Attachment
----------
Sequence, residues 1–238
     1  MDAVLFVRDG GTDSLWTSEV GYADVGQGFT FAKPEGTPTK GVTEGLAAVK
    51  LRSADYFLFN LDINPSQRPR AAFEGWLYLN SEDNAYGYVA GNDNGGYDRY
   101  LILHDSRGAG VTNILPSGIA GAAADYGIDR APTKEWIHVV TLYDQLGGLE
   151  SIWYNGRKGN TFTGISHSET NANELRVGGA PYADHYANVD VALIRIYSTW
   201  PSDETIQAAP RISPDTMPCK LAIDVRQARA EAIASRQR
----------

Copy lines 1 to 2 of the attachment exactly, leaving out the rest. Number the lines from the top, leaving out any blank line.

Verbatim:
Sequence, residues 1–238
     1  MDAVLFVRDG GTDSLWTSEV GYADVGQGFT FAKPEGTPTK GVTEGLAAVK